Tech Companies Abuse NPS And Hope Customers Don’t Notice
Tech companies have taken an unhealthy liking to the Net Promoter Score® (NPS), and are using it in silly ways.
The trouble seems to stem from tech folk not knowing the details of what NPS actually is. Sure, they’ve heard the term, and that bigger is better, and they might even have looked at the Wikipedia page before today. But how many have read the original article? And how many of those have looked at the academic literature on NPS and other approaches to measuring customer satisfaction, loyalty, and predicting purchase behaviour?
For those who don’t know what Net Promoter is, it’s a trademarked method created in 2003 by Frederick F. Reichheld, Bain & Company, and Satmetrix, and publicised by an article in Harvard Business Review entitled The One Number You Need To Grow. It suggests that there is a positive link between a high NPS and company revenue growth. The NPS is derived by asking customers a single question: “How likely is it that you would recommend our company/product/service to a friend or colleague?” and an answer is given on a scale from 0 (not at all likely) to 10 (extremely likely).
Those who answer 0-6 are called Detractors, 7-8 are Passives, and 9-10 are the Promoters from whom the score takes its name. The score is the percentage of Promoters minus the percentage of Detractors, so it can range from -100 to +100.
Here’s a simple and obvious criticism. Three companies all have an NPS of +40. If a higher score is better, these companies must all be equally good, right?
What if we know how the scores were calculated?
Do you still think these companies are equally good? Why, or why not?
NPS feels all science-ey and analytical, and many of the summaries imply that there’s lots of rigorous research behind it and that it’s generically good for a wide range of things.
But that’s not true.
Let’s start with what the original article says NPS is actually about: The authors were trying to find a simple way to measure repurchase and referral behaviour, and it was limited to six industries: financial services, cable and telephony, personal computers, e-commerce, auto insurance, and Internet service providers. Note that these are all markets where the customer is an individual buying for themselves or their direct family, i.e. business-to-consumer or B2C markets. Not business-to-business markets.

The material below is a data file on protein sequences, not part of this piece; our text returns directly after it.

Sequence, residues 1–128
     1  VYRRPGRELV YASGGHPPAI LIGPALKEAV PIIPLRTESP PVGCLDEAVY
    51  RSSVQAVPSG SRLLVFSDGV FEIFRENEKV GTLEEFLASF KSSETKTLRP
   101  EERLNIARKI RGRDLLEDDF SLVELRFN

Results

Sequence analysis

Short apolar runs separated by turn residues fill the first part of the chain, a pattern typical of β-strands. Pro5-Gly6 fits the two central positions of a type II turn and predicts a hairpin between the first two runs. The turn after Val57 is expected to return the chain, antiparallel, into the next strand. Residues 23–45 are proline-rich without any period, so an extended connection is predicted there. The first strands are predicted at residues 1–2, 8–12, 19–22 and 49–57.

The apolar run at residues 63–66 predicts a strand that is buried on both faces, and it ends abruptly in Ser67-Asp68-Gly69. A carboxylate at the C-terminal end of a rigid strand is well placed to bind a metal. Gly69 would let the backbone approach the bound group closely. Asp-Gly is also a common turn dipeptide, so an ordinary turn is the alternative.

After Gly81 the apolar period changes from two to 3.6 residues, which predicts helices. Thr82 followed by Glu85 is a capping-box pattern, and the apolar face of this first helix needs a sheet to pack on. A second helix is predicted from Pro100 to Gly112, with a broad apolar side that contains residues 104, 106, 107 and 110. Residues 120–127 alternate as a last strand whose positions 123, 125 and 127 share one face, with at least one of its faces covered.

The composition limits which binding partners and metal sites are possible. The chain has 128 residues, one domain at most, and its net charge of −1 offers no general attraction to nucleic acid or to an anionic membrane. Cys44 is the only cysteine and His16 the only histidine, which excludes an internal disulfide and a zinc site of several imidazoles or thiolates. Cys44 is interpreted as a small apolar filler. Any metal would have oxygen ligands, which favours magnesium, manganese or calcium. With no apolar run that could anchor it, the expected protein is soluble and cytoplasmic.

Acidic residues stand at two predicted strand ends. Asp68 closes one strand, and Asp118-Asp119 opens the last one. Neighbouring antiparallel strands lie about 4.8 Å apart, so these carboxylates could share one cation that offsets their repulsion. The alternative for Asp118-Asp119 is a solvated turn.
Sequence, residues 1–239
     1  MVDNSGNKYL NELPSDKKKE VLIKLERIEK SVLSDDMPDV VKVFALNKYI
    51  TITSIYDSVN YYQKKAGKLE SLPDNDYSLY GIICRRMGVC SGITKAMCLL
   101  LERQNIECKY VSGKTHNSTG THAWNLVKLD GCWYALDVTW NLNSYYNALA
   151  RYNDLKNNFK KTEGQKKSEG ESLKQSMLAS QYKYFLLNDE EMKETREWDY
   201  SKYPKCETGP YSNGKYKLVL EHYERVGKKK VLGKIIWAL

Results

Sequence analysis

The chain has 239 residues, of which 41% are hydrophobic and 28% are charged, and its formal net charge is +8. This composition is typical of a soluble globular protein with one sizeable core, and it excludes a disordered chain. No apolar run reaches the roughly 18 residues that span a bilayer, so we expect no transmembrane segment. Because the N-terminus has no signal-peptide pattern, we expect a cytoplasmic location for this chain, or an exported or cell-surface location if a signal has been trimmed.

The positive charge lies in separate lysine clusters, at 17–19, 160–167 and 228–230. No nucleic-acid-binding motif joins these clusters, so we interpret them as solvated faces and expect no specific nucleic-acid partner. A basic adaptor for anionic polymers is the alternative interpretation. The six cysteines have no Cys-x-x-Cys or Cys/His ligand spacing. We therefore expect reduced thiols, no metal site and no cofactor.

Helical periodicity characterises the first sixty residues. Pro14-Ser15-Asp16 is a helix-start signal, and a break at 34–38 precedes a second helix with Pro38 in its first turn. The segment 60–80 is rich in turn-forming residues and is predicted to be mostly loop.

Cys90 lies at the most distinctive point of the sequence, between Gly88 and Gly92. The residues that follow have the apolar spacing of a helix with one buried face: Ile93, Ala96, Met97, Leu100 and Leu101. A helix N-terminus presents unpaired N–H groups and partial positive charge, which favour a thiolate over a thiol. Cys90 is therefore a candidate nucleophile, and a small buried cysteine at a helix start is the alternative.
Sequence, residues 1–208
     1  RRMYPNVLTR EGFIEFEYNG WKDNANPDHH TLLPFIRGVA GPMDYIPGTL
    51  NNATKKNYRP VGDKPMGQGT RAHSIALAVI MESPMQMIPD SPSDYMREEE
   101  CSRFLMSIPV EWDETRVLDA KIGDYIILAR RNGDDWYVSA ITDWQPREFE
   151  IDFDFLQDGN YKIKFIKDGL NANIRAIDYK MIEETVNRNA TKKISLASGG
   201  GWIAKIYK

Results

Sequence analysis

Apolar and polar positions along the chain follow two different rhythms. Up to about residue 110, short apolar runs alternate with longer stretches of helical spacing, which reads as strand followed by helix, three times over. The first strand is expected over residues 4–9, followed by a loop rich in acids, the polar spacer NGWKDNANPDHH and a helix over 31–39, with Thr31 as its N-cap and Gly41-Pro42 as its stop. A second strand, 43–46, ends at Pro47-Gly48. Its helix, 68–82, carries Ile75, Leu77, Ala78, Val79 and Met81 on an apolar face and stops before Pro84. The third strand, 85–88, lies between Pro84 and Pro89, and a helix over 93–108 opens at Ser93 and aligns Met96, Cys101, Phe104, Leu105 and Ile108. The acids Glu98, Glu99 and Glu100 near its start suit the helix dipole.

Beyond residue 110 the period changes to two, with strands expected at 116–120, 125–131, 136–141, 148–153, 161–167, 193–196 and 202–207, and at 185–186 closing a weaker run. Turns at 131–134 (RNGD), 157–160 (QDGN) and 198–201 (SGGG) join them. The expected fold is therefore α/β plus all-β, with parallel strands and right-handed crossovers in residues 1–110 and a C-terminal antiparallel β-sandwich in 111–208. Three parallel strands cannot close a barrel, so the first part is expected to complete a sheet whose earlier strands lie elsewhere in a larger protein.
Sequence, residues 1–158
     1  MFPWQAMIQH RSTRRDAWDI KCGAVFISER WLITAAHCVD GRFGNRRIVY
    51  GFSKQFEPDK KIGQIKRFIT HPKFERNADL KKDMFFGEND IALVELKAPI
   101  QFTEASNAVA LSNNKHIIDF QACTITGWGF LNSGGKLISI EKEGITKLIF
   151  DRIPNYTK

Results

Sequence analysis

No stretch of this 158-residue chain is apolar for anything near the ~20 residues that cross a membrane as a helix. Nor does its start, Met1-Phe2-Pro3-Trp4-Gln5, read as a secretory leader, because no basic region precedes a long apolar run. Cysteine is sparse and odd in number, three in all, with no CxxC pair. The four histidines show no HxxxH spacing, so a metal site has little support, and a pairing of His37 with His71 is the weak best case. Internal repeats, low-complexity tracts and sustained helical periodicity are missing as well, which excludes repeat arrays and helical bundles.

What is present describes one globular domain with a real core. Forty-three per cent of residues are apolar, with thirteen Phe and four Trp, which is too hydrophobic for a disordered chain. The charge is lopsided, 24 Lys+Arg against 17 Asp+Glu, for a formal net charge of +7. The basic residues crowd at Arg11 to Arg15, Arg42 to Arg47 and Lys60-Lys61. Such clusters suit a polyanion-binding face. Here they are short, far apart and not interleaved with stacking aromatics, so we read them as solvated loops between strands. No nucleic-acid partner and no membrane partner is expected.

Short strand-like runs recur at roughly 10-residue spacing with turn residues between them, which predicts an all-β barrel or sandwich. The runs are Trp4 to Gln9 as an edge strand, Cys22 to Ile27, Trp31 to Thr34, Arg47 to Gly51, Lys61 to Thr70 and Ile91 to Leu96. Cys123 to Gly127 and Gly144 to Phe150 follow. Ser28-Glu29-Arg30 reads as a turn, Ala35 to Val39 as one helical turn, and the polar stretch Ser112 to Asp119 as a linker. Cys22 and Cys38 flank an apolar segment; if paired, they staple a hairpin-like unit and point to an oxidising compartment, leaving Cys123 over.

Importantly, the article clearly says that the NPS approach is not the best thing to use in certain cases, and they may sound familiar to regular readers:
> The “would recommend” question wasn’t the best predictor of growth in every case. In a few situations, it was simply irrelevant. In database software or computer systems, for instance, senior executives select vendors, and top managers typically didn’t appear on the public e-mail lists we used to sample customers. Asking users of the system whether they would recommend the system to a friend or colleague seemed a little abstract, as they had no choice in the matter. In these cases, we found that the “sets the standard of excellence” or “deserves your loyalty” questions were more predictive.
We haven’t even had to go past the original source material before finding some problems.
Now this NPS stuff was published in HBR, which, though often fun to read, isn’t a peer-reviewed academic journal. What does the literature actually say about the NPS approach?
Well, not a whole lot really. And those who have looked into the NPS approach haven’t found it to be the single best method that it claims to be. Researchers have generally been unable to replicate the work of Reichheld and Satmetrix. Keiningham et al found in 2007 that “the assertion that recommend intention alone will suffice as a predictor of customers’ future loyalty behavior, however, is not supported.” Their research was pretty thorough, and clearly articulated the issues with NPS and compared it to other, well established alternatives and found NPS to be lacking.
NPS also doesn’t stack up for predicting firm revenues. Keiningham, Cooil, Andreassen and Aksoy also checked this in 2007, and found the assertions of Satmetrix and Reichheld wanting.
Keiningham et al also warned:
> “The consequences are the potential misallocation of resources due to flawed strategies that are guided by a myopic focus on customers’ recommend intentions.”
And that’s exactly what we’ve seen. Tech companies, and many others, become obsessed with NPS as if it’s the One True Way to measure things. And because what gets measured gets managed, these firms direct an inordinate amount of energy into improving their NPS scores.
And because NPS is clearly The Best Thing Ever, if our company NPS is bigger than yours, we must be better at satisfying our customers (even though that’s not what NPS measures, which should be obvious from the question itself).
But does NPS have any value at all?
Well yes, NPS does have some value.
It provides data on customer referral intention from the subset of existing customers who bother to respond to the survey question. This is a great place to begin, but a poor place to finish.
NPS is also fast and easy to understand, which is great for managers who are too busy to really spend time understanding their business in any depth. Complex thinking should be left to the “rockstars” hired for the engineering teams.
NPS also provides lazy marketers with a spurious point of difference to advertise because they have nothing else to make their company or its products stand out. Simple numerical comparisons, like price, make life much easier for customers.
This article first appeared in Forbes.com here.